We should not make it difficult for those on the outside to get to know Jesus and be a part of his movement. How many of our churches can say that we don’t make it difficult? How many of our churches can say that we are more passionate about the needs, desires, and comfort of non-churched people than we are with churched people? How many of our churches are passionate about making it easy for people to come to Jesus…and how many are passionate about correcting behavior and getting people to live right so that they can then join our communities?
The simple answer – and its measurable, empirical, and palpable in our churches – is that so many churches today like so many throughout history have lost the plot. So many of them are built for church people and before non-churched people can really walk in the door and feel at home there are conditions that they need to meet. And I know what you’re thinking right now: “Well, probably lots of churches are like that. But not mine. We’re welcoming.” That’s super duper. It’s also probably a terrible lack of self-awareness. How many non-Christians do you have coming through the doors on a Sunday? And especially how many marginalized and messed up folks? How many of them are plugging in to your community because they feel at home, and honestly how many of them would be welcomed with open arms even if they wanted to plug in?
It’s so easy to look back at the Pharisees and say, “Wow. I can’t believe they still didn’t get it after they knew Jesus.” But for thousands of years many in the church have walked in their footsteps rather than Paul, Peter, and James’s. Part of us is still convinced that if we can change people’s behavior through pressure or legislation then the behavior modification will lead them to Jesus and make them good enough to be a part of our churches. And the gospel is the exact opposite. It says the church is for everyone and all people are welcome to come and connect and we’re never good enough to merit the cross but meeting Jesus is the only thing that ever changes who we are and how we live.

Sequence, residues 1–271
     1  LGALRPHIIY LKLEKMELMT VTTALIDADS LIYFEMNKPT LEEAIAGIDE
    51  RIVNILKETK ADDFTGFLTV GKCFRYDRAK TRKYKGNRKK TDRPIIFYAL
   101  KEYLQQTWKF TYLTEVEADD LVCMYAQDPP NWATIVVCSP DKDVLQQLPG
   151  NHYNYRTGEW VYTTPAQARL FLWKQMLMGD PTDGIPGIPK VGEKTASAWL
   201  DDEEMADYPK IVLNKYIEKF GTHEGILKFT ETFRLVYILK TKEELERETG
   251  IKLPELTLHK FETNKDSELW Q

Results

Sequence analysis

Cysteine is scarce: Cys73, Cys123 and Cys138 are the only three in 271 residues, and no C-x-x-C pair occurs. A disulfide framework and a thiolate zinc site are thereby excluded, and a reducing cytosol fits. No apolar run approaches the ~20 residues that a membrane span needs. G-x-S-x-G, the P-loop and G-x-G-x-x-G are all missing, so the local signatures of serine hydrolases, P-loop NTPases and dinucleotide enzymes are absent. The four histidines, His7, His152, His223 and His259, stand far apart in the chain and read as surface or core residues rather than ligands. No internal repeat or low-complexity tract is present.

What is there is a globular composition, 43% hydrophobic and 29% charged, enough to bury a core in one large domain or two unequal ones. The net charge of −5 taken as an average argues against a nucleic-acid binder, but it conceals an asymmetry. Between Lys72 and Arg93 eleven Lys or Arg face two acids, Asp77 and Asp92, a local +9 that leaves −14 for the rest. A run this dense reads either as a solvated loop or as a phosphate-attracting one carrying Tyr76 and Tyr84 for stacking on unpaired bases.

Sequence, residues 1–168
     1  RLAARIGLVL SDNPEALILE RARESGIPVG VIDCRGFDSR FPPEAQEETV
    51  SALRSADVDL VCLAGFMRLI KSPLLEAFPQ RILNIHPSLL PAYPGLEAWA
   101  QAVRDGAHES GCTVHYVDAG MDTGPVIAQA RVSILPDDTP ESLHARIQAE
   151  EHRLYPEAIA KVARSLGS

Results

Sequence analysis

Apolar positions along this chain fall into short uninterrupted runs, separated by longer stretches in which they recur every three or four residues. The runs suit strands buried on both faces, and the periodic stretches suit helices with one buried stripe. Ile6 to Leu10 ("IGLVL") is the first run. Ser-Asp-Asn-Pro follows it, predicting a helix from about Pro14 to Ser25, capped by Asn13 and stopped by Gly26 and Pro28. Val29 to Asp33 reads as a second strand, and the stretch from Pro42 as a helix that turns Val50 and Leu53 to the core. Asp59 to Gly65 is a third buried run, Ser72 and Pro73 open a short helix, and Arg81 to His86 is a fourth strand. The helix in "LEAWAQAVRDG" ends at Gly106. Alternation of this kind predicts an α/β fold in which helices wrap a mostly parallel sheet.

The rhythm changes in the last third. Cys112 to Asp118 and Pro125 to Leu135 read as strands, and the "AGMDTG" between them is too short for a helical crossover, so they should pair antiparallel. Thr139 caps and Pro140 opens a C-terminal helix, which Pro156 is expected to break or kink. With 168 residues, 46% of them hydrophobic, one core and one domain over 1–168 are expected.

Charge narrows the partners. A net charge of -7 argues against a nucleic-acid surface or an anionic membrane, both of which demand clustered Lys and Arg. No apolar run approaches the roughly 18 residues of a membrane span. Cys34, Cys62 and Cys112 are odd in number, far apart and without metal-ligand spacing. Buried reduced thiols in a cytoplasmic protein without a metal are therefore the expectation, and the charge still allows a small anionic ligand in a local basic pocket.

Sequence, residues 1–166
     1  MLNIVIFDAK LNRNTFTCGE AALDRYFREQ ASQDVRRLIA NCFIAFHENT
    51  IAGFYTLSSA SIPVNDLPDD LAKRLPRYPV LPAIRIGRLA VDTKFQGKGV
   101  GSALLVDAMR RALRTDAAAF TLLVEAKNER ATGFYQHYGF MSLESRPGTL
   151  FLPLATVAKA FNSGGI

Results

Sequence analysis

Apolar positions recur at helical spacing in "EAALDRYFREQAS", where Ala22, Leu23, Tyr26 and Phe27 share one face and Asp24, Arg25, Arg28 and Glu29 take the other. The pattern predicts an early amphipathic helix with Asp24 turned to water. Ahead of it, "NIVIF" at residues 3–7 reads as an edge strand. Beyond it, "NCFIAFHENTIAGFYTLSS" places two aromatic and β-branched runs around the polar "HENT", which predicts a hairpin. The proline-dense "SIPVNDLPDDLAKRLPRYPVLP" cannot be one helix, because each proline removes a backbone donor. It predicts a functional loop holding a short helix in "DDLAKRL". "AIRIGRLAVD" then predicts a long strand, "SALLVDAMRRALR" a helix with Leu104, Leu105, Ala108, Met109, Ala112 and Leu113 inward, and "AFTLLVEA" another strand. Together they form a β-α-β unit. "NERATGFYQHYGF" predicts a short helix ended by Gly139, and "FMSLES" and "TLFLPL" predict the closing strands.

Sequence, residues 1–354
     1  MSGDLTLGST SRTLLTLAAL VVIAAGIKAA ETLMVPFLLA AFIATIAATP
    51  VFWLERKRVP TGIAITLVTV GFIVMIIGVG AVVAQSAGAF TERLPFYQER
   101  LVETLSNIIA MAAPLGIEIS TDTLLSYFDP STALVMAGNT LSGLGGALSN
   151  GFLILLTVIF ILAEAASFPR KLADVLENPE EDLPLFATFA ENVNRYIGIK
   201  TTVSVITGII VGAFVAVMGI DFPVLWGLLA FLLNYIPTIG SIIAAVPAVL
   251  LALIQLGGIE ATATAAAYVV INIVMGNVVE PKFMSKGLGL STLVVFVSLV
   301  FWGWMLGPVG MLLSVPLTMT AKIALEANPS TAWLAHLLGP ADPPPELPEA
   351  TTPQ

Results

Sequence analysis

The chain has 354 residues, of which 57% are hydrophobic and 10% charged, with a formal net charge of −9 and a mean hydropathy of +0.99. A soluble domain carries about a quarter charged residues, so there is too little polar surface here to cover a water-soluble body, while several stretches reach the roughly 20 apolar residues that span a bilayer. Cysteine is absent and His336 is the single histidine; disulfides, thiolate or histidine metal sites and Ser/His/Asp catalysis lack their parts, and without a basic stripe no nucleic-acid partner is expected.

If our churches are passionate about welcoming lost people, about breaking down walls and barriers that keep them from connect with us and with Jesus, and about removing anything and everything that creates hurdles in them finding Jesus than we’ve missed it. If we’re more concerned with our comfort and our preferences than we are with the comfort and preferences of the lost then we’ve missed it. If we’re asking or expecting people to be good enough before they connect with our community then we’ve missed it. What is “it”? It is this: Faith in Jesus alone saves. And the church is the instrument God has chosen to bring that message to those who need saving.
PRAY: Ask God to help you be self-aware today, and to show you your Pharisaic attitudes towards church and lost people and what they need to do before they can come and be fully welcomed by you and your community. Confess the times when you haven’t had a welcoming spirit. Confess the times when you’ve been a stumbling block and wanted to do church for church people instead of for lost people. Confess the times when you’ve expected people to obey laws and rules that you’ve personally struggled to obey. Close by asking God to forgive you and give you his heart for the lost.